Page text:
Sell it Like Serhant Book Review

in bookreview •  3 months ago  (edited)

Sell It Like Serhant.png

A review of the book 'Sell It Like Serhant' written by Ryan Serhant.

I’ve got to be honest, I haven’t heard of this author before. Sales was never a career path I’d consider but let’s face it, who wouldn’t want to learn how to better deliver ideas, a product, or service? I picked up this book hoping this knowledge would apply outside of the sales world and was not disappointed. Those experienced in sales might find much of the information old news but for me, I found it to be a smooth read chocked full of great tools for customer relationship building.

Less some swearing, Ryan Serhant does an excellent job articulating valuable insights through his real life experiences while inserting decent humor into the mix.

The layout of the book was cut and dry. All of his chapters contain Serhant Secrets as well as a summary at the end. The structure was most helpful because it allowed me to review what I cared about or what I thought applied to my career and then go back and read it over again if I needed. As for the secrets I’m not really sure if they were that great.

Nestled near the end of chapter one he presents a list of six rules that lead to more sales. Rule one?

“Never hyper-focus on one ball. You do not live or die by one sale.”

I found this one to be of great significance. Similarly in intelligence, we refer to this as the center of gravity or CoG. Essentially, the CoG is what drives an entire organization whether it takes the form of a technology, person, ideology, or a combination of them all. As I consider different business routes I have to keep in mind that I can’t focus all my time on one project. A tool like analysis of competing hypotheses (ACH) is a great way to break down all of the outcomes I could see happening and examining each individual observation. Ryan Serhant’s concept of tunnel vision parallels retired general McChrystal’s mentioning of the Maginot line in his book ‘Team of Teams’ which is that, we humans, tend to get infatuated with one idea and it leads to our demise. Further on in the book Ryan writes;

“As salespeople, we must be careful listeners, because clients are always sending messages about what they need and how they want to conduct business.”

I find this fascinating since listening skills pour over many aspects of life. In his work I believe he alludes to the emotional messages that are often are displayed. In my experience I have had to confront many analysts who were feeling the pressure from their leadership to get information quickly. Like most of our work, the information requested couldn’t be answered with a simple yes or no if at all. The complexity, matched with an insane sense of urgency was hardly ever enjoyed. Often times a step outside or a walk over to another office to chat about the weekend was helpful since it allowed me to gather my thoughts and address the situation in a less panicked manner. Why bring this up? Well, through trial and error I’ve learned that the majority of heated customer RFI’s (otherwise known as requests for information) wasn’t the result of the lack of information but quite simply a misunderstanding of what they even needed to begin with. Sadly, their "excitement" naturally demotivated me from working on the relationship any more than I had already. For you emotional intelligence geeks out there Daniel Goleman’s book ‘Emotional Intelligence: Why It Can Matter More Than IQ’ is a solid read that thoroughly discusses reflective versus reactive thinking or systems one or systems two thinking (hope to get you a full review of this soon!).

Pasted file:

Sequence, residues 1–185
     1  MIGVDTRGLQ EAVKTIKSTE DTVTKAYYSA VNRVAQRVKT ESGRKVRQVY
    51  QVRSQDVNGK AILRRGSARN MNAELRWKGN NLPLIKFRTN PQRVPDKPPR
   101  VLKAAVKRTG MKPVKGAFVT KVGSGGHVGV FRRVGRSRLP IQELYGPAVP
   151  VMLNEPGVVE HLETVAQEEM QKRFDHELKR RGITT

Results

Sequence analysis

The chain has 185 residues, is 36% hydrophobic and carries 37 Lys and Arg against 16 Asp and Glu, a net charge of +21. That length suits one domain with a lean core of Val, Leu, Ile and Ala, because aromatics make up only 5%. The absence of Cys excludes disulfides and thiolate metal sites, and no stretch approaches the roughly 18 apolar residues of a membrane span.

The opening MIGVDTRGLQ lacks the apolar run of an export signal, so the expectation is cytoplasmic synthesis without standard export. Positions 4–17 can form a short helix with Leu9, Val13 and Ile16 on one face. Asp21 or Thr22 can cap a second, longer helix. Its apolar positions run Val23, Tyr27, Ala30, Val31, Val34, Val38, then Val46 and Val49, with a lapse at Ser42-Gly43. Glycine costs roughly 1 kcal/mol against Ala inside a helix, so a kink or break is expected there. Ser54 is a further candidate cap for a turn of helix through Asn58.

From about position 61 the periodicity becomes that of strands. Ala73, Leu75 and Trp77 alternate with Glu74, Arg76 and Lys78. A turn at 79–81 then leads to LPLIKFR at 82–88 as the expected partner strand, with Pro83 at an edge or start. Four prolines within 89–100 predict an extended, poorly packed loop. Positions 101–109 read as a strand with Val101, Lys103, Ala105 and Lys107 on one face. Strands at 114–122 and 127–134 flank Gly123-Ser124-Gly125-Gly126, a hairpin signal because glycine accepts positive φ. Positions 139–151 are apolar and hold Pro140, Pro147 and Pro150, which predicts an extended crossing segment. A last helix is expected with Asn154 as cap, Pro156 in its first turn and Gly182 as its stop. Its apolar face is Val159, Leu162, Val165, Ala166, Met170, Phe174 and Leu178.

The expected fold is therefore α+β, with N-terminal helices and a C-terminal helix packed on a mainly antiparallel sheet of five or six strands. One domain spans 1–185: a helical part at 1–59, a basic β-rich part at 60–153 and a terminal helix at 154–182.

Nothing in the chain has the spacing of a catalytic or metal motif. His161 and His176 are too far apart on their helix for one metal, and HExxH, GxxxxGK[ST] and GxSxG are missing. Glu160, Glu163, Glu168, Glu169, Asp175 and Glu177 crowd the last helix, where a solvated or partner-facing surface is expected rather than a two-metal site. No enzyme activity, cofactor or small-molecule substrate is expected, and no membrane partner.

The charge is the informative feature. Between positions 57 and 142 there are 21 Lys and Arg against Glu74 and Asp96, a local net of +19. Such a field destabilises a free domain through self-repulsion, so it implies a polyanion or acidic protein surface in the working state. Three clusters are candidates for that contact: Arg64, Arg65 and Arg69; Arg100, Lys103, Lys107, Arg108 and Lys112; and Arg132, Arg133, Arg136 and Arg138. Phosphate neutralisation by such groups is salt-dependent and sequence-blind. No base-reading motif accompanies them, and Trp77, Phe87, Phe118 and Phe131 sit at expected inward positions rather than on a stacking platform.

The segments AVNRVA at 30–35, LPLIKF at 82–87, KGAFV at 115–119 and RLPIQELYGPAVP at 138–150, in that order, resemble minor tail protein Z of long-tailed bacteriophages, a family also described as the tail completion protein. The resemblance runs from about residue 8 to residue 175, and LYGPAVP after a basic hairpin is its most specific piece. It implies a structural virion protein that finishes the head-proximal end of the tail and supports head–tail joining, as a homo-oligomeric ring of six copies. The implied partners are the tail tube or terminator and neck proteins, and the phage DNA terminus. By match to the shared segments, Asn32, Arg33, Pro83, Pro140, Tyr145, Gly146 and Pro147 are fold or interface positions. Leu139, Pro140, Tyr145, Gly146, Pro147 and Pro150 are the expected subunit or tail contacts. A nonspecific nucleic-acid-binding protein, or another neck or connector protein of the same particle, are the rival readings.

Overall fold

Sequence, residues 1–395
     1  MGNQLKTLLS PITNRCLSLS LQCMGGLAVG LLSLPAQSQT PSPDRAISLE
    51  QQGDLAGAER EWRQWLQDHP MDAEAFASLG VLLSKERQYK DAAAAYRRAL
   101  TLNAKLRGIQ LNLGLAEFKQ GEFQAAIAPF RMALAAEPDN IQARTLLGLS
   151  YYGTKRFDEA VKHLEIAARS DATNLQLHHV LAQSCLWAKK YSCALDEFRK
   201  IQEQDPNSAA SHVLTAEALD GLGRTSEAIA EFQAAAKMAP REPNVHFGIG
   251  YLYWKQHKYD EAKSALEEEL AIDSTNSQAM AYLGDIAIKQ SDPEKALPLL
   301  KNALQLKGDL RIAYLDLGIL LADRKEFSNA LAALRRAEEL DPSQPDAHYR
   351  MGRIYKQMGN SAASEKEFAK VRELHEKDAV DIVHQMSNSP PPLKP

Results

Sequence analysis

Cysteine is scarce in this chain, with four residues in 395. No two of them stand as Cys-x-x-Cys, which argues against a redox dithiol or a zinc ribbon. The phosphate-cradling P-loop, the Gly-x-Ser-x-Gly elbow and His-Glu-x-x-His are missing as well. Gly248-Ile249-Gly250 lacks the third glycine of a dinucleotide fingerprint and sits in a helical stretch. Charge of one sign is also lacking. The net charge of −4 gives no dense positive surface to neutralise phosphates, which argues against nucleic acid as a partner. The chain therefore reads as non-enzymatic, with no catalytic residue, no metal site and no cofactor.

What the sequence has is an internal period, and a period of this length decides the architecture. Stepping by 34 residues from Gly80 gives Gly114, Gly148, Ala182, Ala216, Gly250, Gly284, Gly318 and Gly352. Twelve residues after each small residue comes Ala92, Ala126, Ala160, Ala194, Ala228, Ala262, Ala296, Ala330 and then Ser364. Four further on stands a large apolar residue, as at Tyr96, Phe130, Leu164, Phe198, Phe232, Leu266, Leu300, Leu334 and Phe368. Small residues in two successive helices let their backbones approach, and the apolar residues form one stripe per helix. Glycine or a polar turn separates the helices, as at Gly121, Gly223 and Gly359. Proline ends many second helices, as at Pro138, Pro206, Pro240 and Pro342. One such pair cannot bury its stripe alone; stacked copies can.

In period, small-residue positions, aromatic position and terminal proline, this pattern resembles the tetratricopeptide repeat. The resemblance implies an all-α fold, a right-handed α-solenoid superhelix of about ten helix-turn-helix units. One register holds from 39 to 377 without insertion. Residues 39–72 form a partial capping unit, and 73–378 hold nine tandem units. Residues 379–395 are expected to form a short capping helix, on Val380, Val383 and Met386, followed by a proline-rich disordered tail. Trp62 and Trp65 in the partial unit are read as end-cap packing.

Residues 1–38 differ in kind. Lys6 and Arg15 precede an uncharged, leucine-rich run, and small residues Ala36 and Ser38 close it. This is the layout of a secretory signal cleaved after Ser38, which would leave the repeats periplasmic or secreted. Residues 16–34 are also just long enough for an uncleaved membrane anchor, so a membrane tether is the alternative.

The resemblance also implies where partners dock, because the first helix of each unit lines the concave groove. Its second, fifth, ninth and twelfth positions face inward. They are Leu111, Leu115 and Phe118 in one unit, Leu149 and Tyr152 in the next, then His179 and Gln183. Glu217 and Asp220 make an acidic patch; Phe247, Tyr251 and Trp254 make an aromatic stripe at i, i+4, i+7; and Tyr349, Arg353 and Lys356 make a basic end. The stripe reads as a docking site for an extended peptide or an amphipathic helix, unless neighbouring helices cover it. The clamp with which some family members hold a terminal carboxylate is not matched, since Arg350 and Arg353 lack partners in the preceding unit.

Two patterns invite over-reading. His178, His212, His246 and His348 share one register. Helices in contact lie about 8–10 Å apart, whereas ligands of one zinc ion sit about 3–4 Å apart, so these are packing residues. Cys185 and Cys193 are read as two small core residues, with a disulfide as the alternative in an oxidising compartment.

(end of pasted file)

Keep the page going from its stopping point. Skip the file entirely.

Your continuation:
Overall, if I were to sum up ‘Sell it Like Serhant’ I would say have initiative in every way that you interact with your clients. According to Ryan, initiative is nearly impossible to train another. Let’s prove him wrong. Let’s be the one to initiate and set the tone for client relationships to happen the way we want them to.

In closing, I hope this review wasn’t a bland summary but a truly personal response that might encourage you to read the book or at least do some more research. I’d love for you to join me in the discussion so please feel free to leave comments, ask questions, or let me know if I missed something!

If you are interested in other books such as this check out my entire list of Good Reads.

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